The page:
FCA’s Percival further clarifies regulator’s view on suitability reports
Rory Percival re-iterates that products not included in the advice given do not have to be listed in the suitability report or on the client file
Rory Percival has provided further comment around inclusion of the products and investments not recommended in the advice given, in suitability reports and the client file.
Speaking to an audience of paraplanners at yesterday’s Paraplanners’ Powwow, FCA technical specialist Rory Percival was responding to a question off the floor relating to concerns raised at last week’s PFS Purely Paraplanning conference around the FCA guidance on this issue. The concerns were based on alleged comments made by FCA supervisor(s) on the ground and in relation to potential future rulings by the Financial Services Ombudsman (FOS).
Percival said: “I can’t say that a supervisor has ever not said you might want to think about putting in what you haven’t recommended and why. But in broad terms there are three levels of what we say:
1. Rules: “If it’s in a rule you must do it – and here we use the word ‘must’.”
2. Guidance: “This sits alongside the rules and includes things you should do. There’s a difference between ‘must’ and ‘should’. You don’t have to do what it says in the guidance. Guidance relates to a rule. If you achieve a rule by another means that’s fine. What guidance means is if you do it that way you’re in safe harbour.”
3. Good practice: “This is stuff we’ve seen other firms doing which you might want to think about doing – you can do it or you can not do it, it’s entirely up to you.”
Referring to the inclusion in a report of products not recommended, he said: “It may well be that supervisors have said in the past that it is ‘good practice’ to do it – but you don’t have to and you won’t get into trouble if you don’t do it.”
He added that supervisors “are all different” but the FCA does have mechanisms in place “to ensure we are as consistent as we can be.” He stressed: “If there have been issues in the past I don’t think it’s an issue now.
“So going forward, if you don’t put that section in you won’t have a problem if you are communicating what you must communicate: The client objectives, what you’re recommending and why that is suitable for the client, and the disadvantages,” he said.
One way of demonstrating suitability was to have a record on the client’ file, Percival added. “Not everything needs to be in the suitability report. You can demonstrate suitability by having things on file as well.”
However, for clarification, he added that it was not necessary to have on file every product that was discounted for recommendation. He said: “You don’t need to have on file ‘these are all the things I discounted’. You do need to be clear why you’ve recommended what you’ve recommended.”
Giving an example, he said: “In some situations, such as when you haven’t recommended an ISA, you’ve recommended an Oeic or an investment bond instead, then there is going to be an obvious question mark for the FOS and us saying ‘Usually people do ISAs first, for tax planning, why haven’t they done an ISA?’ So you would want to explain that. But you don’t have to have the full list of all the different things you haven’t recommended, so long as it’s clear why you’ve recommended what you have recommended.”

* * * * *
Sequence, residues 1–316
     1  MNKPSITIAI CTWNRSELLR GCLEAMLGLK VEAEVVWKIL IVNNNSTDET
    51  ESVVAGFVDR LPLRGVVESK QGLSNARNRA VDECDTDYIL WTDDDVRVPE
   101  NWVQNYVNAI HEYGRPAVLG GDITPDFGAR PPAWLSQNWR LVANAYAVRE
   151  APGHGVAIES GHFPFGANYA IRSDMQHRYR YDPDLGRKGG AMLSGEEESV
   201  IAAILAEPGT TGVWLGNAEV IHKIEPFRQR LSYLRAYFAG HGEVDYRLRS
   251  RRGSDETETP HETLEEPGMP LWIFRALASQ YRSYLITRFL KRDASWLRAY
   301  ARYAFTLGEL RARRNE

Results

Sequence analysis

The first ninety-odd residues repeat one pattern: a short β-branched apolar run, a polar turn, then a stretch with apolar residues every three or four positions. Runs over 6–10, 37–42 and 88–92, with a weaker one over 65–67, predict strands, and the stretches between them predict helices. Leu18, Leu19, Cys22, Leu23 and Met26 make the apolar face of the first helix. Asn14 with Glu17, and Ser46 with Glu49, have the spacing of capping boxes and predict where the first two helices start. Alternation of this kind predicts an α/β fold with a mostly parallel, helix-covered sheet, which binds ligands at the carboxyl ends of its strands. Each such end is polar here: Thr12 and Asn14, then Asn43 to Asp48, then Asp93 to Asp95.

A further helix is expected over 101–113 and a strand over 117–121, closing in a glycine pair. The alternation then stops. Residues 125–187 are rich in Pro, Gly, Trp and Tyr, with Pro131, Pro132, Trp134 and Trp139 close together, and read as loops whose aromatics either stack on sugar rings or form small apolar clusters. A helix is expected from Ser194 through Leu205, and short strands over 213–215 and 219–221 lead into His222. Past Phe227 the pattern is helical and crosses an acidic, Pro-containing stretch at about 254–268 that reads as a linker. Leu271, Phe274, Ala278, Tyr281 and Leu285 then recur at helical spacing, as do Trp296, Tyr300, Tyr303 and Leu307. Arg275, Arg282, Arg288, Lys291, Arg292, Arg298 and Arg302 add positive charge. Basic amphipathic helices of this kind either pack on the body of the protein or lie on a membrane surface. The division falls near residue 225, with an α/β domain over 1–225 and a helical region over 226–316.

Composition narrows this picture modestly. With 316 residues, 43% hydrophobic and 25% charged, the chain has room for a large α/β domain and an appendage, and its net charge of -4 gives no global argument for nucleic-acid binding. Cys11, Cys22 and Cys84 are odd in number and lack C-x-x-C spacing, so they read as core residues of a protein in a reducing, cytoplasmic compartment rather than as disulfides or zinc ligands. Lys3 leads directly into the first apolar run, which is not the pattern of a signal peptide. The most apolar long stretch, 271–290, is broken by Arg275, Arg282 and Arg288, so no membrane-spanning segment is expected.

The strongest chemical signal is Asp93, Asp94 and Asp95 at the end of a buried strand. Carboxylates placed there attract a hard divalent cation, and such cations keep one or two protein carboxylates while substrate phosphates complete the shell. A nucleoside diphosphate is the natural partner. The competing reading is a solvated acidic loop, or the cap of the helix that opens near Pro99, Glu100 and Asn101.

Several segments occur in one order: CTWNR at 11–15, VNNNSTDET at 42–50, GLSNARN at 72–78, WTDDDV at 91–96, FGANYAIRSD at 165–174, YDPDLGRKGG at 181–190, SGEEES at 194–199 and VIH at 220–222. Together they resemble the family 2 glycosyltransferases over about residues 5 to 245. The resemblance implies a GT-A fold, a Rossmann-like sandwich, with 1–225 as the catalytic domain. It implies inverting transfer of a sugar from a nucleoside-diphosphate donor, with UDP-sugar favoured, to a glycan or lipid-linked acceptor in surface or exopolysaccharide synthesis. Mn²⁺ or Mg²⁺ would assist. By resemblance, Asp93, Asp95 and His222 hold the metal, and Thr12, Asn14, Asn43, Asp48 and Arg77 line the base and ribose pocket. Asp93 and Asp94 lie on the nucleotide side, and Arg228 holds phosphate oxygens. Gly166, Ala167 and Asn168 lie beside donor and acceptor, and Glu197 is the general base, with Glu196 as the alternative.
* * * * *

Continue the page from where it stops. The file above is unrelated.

He added that while the FCA had seen “a lot of improvements in recent years” in respect of content of suitability reports, “if there is one criticism still it’s that some of the information on file is quite generic. So while there might be a client’s individual circumstances there, the objectives might be generic. An expression I use for some of the objectives I see is that they are quite ‘solution focused’. Things like, ‘you want to have your money managed by a discretionary manager’. That’s not a client objective,” he said.
Discrepancies between the FCA and the FOS
A question was raised from the floor about potential differences in view between the FCA and the FOS. Percival re-iterated points made at other conferences that he did not believe this was so. He said: “The point I was making is that if there was a fundamental difference between the Ombudsman and ourselves that would manifest itself in widespread differences and there is no evidence of that.
“If you look at the FOS decisions published for the past four to five years – I’ve read quite a few of them and I haven’t disagreed with any of them as yet – they all seem to align with what we believe in within different scenarios.”
Percival said that the FCA was presenting at Personal Finance Society (PFS) events around the country where the FOS was also showing a video that talks about its views of suitability reports, insistent clients and other key topics. “The video is basically saying the same as what we say, that there aren’t widespread differences between the Ombudsman and ourselves.”
Percival did admit that there was always the chance for individual discrepancies because of the “human factor”. He said: “The Ombudsman is staffed by humans, the FCA is staffed by humans and there will be differences between humans in dealing with a subject that is as subjective as suitability. So you might be able to pick up on an individual case that appears to contradict what the FCA has said. But that’s not the point; the point is that there are no systemic differences between the Ombudsman and ourselves.”